November 19

The votes are in: Dissect it is!

17  comments

I tallied the votes to see whether readers wanted me to dissect the first chapter of The Fat Loss Bible and the ‘yeas’ won, but not by much. The ‘neas’ just missed by six votes, which indicates to me that there is a whole lot of AC fatigue out there right now. One of the things that came through loud and clear in the polling, however, was that readers (of this blog at least) want the dissection done in a non-personal way. I respect that and will go through the chapter with as little mention of our friend as possible.
I think the entire exercise will be educational for all. It certainly has been for me. It will take me a couple of days because even though I’ve already done the work, I have to write it up. I’ll continue to post on other subjects in the interim, but I should have the exegesis posted this week.
I don’t know what the outcome of this in-depth review will be in terms of changing the thinking of those whose minds are set in concrete, but we’ll see what happens. I suspect that my careful critique will be greeted by he who shall remain nameless and his acolytes much in the way callers are greeted on this YouTube video clip.
(Hat tip to Robert)
[youtube]DWwB5MYTr64[/youtube]


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  1. Hi Dr. Eades,
    I look forward to the exegesis!
    Thank you for taking the time, the dissection will help clarify the issues, I’m sure.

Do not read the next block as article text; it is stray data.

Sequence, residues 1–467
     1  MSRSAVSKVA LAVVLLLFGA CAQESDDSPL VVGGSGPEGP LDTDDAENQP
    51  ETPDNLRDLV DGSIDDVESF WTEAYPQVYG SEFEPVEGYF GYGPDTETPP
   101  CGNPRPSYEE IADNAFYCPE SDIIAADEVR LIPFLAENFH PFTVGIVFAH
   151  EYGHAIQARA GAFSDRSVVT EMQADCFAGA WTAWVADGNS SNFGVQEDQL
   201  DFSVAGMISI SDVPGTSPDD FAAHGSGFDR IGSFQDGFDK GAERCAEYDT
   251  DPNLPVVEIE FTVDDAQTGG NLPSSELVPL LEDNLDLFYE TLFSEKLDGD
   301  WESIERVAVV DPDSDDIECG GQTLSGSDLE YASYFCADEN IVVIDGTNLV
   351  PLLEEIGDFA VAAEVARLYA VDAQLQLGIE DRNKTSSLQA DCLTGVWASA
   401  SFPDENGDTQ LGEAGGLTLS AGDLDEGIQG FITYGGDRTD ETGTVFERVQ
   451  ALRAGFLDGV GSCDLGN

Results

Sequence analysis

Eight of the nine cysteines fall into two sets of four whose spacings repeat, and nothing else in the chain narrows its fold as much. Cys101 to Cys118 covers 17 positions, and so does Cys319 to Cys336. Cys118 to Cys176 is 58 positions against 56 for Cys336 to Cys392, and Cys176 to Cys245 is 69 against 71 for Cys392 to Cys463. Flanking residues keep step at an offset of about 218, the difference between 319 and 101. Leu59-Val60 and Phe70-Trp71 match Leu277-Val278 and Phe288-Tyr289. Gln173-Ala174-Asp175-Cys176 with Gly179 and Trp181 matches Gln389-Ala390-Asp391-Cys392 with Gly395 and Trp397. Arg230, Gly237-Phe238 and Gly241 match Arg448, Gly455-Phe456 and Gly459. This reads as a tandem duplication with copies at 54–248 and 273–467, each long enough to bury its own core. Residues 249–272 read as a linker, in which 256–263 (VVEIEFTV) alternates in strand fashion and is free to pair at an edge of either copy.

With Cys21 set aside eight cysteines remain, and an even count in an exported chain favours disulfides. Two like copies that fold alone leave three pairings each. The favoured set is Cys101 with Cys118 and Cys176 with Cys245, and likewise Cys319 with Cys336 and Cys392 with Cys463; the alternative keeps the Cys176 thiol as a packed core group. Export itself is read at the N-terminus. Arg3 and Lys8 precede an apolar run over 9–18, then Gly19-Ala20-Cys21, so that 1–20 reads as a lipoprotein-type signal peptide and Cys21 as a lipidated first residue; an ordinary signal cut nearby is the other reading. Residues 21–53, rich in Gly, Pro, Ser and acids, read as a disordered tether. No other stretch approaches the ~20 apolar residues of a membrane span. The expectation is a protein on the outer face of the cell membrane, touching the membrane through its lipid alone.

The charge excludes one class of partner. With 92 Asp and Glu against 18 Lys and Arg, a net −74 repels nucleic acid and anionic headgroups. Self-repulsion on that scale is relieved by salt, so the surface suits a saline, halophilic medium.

Would a metabolic advantage also help with attaining better overall body composition? As in by helping to produce a better protein:fat ratio given isocaloric daily intakes?
    Hi Billi-Jean–
    I assume that the protein:fat ratio you are talking about is the ratio of lean body mass to fat mass. If so, as long as your caloric intake is in the range where the metabolic advantage makes a difference, it should help.
    Cheers–
    MRE

  2. even though i kinda voted no….actually, i voted ‘it would be futile’…. i’m glad you are going ahead with it, because AC suggested you would rig the votes to avoid it. i knew you wouldn’t, but if the vote had come out ‘no,’ he would have claimed victory. not that you care. but still.
    It will be futile in terms of changing his mind, but who cares whether his mind is changed or not? I certainly don’t. And my goal isn’t to argue with him or try to get him to change his mind. In fact, I don’t give him much thought at all. If he wants to wallow in pigheadedness, that’s his problem. But I think the dissection process will be instructive to readers.
    Best–
    MRE

  3. Reading the free book by AC, on page 19 he says
    “In a May blog article, Eades claimed that if you are following a lowcarb
    diet, “The protein you eat is converted to glucose instead of the
    protein in your muscles. If you keep the carbs low enough so that the
    liver still has to make some sugar, then you will be in fat-burning
    mode while maintaining your muscle mass, the best of all worlds.”[27]